Coined by a journalist, the term "churnalism" hints at the daily grind of the newsroom (also known as the "sausage factory") and presents a rather bleak future for the news media. It is interesting to note that the public relations industry has its own term for this kind of reporting: ROI journalism -- Return on Investment journalism. It’s a strategy that acknowledges the pressures journalists are facing and in so doing, has led PRs to change the way it delivers its product by making it more comprehensive and attractive to the media , ensuring a return on the time and resources both parties have invested. This way the journalist (and  editor) get the story, and the PR secures the client the media attention for which it was angling. Tactics include providing direct quotes and appointed "topic experts" on the issue for time-pressed journalists who may be unable to do the interviews or seek theor own sources. The truth is that public relations professionals have used the current economic climate to their advantage and are tailoring information to suit journalists’ needs so that clients gain the most coverage possible -- and journalists are lapping it up. While print journalists are wringing their hands at the "death of the newspaper", PRs such as Tom Buchan from Buchan Consulting still view the print medium as important to their work because newspapers "are the opinion shapers". Buchan executive director Tom Buchan has observed two trends over the past five years. The first is the accelerated flow of information for  senders (PRs) and receivers (the print media), which coincides with an increase in outsourcing to public relations companies. The result  is that the print media has an increased dependence on the "intermediaries", the PRs. "These two trends are working in concert," Buchan said. When asked what strategies are employed to make sure his stories are run, given that there are less journalists around to write them, Buchan said:
"We find we have to do the checking and researching of information that traditionally was done by the print journalists … to verify that what they receive is accurate and truthful. The media is relying on what I call intermediaries to be almost topic experts. In the past, journalists had their own contacts and were able to follow up with three or four other people, now they’re relying on our service."
It seems that some journalists are allowing PR to do their job for them, relying on spin doctors to check facts on their behalf.  According to Buchan, the press release, while still useful for events such as stock market announcements, cannot contain the detail level required by journalists -- allowing PRs to cross the line into traditional journalists’ territory and provide tailored information. "Increasingly we provide a 'backgrounder' to provide the journo with background info on any topic of the client we represent," Buchan said. "So we’ve ticked the newsworthiness box, done the research, and provided contact details of relevant experts." From a PR strategic point of view, going the "extra mile" ensures that the topic is easily accessible to a journo who doesn’t know anything about the industry or sector he’s writing about. "It depends on time constraints -- sometimes info is run almost verbatim, depending on the checking on our side," Buchan said. If this is true, PRs have graduated from the role of intermediary, to becoming sources in their own right. But can a journalist know whether the material provided has been "checked" properly by someone who has a vested commercial interest in that information? Buchan assures that the reliability of information distributed by PRs is based upon the reputation of the company in question. "It’s a matter of trust and a matter of our credibility," he told the ACIJ. But according to the man The Australian calls the  master of spin, Mike Smith, it’s not the job of the PR to be balanced or neutral -- that is the responsibility of the media. A former editor of The Age from 1989 until 1992, Smith now runs his own media relations company, Inside Public Relations, which specialises in crisis management.  "My job is to put forward my client’s side of the story -- my job is not to be fair," he said. "My job is to advocate for the client, and as long as that is understood clearly by me and the journalist I can have a pretty healthy relationship and a very ethical relationship with the journalist." A key strategy identified by Tom Buchan is positioning the client according to newsworthy "megatrends" so that the story pitched to journalists is consistent with the current news agenda.  The global financial crisis is one of these megatrends. "The GFC is an example for providing a context in which a story lives. We see that as a background setting if you like, of a story. At a time when media was obsessing on what that [the GFC] meant for Australia, it provided a context in which information could be presented," Buchan said. One of Buchan’s GFC-themed stories generated 150 separate articles in a five-week period. Prushka, the firm’s client, is a debt collection agency representing several private schools suing parents for unpaid school fees. A trend, Buchan told the news media, that had risen by 25% with the onset of the financial crisis. The story was pitched as an "insight into a structural manifestation of the crisis" which helped position the client as "part economic commentator and part advocate for the rights of parents and schools":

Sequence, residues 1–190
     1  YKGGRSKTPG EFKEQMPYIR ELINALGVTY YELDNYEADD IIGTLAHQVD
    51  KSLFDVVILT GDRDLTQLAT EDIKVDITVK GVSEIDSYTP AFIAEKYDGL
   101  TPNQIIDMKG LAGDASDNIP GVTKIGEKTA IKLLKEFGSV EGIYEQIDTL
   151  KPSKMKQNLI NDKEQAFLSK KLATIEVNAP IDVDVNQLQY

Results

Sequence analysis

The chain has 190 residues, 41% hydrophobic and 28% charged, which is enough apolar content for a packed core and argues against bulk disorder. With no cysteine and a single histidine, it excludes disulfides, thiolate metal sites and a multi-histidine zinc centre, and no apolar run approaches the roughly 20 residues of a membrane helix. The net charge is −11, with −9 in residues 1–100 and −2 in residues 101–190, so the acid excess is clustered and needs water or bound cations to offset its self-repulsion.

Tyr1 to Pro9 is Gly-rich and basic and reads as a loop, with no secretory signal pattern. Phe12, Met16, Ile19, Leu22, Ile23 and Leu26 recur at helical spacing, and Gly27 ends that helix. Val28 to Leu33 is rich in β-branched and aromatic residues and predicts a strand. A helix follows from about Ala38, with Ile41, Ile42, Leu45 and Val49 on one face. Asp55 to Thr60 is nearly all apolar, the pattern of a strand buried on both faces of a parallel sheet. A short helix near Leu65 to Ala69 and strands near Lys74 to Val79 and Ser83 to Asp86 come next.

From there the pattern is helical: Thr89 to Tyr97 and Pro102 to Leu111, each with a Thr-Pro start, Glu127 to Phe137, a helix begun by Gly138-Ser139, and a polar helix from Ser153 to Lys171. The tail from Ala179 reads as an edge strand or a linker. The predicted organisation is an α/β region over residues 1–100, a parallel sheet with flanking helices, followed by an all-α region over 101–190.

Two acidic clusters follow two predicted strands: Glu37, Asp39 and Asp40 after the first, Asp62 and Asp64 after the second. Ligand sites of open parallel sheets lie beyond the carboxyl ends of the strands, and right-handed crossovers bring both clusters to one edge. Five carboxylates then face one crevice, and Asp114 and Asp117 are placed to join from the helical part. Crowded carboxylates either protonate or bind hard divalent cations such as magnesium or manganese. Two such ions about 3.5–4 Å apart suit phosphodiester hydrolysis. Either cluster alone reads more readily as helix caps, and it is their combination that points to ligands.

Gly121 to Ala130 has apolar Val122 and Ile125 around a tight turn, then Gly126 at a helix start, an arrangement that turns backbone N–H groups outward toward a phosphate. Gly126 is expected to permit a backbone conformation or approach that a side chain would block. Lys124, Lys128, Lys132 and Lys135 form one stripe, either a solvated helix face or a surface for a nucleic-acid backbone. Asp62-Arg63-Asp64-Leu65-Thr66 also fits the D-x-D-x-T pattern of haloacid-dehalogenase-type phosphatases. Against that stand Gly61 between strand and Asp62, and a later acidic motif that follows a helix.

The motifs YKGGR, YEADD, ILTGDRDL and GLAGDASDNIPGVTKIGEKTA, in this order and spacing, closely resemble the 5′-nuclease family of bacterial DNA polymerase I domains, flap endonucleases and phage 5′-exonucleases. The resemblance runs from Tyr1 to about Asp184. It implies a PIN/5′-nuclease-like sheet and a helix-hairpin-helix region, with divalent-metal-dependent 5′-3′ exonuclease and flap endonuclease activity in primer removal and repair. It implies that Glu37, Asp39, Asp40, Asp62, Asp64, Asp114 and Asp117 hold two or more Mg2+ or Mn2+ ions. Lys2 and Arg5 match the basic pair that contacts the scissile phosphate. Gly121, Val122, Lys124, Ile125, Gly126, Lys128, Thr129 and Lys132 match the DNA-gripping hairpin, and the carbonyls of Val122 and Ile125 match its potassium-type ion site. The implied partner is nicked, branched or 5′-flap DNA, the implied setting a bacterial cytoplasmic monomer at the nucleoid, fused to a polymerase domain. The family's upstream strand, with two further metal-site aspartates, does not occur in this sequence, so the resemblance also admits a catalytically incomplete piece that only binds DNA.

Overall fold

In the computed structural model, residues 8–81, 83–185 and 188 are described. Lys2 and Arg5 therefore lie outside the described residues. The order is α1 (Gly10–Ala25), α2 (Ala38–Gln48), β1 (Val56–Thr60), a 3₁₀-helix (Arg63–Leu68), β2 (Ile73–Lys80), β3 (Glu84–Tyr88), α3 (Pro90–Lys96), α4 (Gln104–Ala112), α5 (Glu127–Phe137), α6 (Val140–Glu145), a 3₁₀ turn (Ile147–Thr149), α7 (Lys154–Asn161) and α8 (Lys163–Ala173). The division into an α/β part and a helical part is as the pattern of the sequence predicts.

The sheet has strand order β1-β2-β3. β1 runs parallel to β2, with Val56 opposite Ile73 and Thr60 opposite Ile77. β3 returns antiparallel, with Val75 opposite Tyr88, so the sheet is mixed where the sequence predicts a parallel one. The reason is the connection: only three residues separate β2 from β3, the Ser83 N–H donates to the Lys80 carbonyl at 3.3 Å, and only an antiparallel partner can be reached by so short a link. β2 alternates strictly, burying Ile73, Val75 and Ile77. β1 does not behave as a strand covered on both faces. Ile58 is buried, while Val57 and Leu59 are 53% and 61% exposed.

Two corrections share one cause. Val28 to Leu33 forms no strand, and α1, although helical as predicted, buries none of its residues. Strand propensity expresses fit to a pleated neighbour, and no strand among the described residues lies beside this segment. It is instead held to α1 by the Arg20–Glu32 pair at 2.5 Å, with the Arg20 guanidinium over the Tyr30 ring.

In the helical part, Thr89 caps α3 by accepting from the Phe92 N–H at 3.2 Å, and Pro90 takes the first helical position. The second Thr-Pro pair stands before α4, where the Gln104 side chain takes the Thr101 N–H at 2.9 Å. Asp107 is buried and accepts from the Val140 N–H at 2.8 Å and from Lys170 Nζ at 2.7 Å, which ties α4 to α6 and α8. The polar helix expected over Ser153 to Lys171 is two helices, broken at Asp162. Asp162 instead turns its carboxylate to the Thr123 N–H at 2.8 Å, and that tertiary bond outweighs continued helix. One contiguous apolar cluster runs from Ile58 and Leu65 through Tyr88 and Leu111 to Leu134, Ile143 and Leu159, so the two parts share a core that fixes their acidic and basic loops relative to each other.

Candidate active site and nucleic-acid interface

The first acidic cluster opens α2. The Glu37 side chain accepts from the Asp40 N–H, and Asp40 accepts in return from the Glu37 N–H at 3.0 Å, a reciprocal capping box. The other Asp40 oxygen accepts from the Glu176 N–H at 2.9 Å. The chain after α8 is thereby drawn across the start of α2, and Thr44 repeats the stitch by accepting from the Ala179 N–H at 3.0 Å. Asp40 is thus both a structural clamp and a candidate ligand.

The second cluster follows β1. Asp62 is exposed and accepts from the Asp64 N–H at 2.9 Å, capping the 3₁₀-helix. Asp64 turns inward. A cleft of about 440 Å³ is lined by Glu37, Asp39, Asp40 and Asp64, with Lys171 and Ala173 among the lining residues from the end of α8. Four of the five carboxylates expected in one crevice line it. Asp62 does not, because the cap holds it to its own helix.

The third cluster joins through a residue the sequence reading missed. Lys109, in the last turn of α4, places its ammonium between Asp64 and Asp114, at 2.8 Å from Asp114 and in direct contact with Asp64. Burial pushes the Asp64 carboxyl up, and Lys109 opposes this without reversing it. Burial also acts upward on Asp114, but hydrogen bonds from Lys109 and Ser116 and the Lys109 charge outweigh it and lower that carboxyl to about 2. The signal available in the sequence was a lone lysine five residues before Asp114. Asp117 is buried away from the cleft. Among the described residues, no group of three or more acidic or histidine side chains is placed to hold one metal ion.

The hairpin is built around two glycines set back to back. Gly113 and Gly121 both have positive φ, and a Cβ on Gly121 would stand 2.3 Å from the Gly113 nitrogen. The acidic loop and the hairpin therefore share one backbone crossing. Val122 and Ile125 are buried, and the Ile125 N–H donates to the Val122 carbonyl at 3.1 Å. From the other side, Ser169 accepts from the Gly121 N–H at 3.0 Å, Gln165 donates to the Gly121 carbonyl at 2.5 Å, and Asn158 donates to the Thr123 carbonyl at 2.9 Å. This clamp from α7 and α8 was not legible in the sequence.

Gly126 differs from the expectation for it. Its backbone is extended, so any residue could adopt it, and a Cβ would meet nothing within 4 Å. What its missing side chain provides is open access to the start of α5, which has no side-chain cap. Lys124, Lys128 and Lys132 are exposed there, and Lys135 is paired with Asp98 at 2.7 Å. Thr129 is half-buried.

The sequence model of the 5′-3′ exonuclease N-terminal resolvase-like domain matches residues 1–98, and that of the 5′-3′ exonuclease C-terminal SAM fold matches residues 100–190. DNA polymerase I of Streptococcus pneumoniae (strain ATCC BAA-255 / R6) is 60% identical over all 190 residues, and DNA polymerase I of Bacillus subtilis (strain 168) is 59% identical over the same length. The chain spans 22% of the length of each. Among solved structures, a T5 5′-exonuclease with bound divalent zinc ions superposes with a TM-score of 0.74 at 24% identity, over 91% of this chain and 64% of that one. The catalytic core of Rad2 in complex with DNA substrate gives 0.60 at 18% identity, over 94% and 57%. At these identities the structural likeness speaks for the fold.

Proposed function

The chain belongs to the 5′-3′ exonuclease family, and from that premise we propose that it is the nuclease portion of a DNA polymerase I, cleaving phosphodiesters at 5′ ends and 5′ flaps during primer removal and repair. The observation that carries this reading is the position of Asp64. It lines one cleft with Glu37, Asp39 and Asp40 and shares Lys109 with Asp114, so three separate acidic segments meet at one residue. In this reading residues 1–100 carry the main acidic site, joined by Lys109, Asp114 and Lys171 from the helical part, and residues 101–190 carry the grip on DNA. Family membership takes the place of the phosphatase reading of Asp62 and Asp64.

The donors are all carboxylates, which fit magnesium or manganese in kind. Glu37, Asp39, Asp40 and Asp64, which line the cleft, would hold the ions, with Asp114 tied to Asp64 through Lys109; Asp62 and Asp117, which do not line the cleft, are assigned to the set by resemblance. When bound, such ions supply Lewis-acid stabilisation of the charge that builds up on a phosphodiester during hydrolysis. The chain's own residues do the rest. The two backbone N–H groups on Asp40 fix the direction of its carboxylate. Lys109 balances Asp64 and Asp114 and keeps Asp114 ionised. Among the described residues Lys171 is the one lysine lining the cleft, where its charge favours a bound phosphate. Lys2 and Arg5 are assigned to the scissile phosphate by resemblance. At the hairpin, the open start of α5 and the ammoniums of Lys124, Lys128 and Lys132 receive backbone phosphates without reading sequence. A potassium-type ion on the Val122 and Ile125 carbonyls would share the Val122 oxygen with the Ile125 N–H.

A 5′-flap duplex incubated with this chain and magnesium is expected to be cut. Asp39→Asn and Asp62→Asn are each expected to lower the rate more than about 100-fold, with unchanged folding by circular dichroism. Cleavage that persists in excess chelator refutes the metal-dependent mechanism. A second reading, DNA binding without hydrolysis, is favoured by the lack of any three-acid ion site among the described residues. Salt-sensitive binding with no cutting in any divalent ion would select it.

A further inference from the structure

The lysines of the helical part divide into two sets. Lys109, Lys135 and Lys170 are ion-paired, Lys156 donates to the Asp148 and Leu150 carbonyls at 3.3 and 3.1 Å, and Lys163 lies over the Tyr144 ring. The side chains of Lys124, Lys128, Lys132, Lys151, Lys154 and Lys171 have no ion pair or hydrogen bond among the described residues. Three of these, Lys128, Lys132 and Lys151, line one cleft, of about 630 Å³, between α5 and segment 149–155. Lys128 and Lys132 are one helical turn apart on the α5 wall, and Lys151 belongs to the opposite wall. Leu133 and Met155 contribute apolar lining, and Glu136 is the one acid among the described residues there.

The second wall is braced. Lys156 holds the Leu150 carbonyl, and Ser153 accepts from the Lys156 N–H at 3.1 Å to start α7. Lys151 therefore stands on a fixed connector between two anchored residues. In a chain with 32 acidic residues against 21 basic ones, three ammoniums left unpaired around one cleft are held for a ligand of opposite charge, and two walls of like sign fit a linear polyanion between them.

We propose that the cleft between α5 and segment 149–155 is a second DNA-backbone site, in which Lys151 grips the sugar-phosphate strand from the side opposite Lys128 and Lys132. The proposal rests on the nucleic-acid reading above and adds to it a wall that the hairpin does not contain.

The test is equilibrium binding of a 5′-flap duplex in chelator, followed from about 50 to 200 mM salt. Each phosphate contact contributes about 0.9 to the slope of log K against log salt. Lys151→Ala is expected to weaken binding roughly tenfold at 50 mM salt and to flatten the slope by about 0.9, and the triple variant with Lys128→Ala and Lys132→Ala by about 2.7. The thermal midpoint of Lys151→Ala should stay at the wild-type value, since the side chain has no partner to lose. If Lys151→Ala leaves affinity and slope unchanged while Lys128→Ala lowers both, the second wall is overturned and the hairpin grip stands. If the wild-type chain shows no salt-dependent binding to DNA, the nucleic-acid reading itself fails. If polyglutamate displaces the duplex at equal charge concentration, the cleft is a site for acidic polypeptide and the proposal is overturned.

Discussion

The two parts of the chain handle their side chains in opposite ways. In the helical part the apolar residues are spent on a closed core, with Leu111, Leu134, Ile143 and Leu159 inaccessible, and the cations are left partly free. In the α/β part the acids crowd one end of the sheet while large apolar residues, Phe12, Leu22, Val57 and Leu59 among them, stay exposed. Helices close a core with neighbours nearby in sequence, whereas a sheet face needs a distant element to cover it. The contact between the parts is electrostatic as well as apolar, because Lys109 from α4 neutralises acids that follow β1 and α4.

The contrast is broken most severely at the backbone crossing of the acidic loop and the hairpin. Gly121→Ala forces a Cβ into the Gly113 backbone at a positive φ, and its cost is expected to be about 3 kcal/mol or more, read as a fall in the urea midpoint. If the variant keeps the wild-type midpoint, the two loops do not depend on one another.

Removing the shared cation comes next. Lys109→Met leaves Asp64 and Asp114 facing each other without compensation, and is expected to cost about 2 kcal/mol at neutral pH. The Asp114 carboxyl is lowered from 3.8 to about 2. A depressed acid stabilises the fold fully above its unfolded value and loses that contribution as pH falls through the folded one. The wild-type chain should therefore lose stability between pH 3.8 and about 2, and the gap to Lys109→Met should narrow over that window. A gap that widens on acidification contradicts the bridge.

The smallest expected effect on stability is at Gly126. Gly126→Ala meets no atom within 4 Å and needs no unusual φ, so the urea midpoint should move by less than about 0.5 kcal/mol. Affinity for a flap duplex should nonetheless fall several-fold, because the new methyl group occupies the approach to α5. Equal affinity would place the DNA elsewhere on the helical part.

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The coverage of this issue was very similar, the same sources being recycled by different media outlets. These included spokespeople from the Association of Independent Schools in NSW and Victoria, as well, the headmasters of the schools concerned -- Prushka’s clients.

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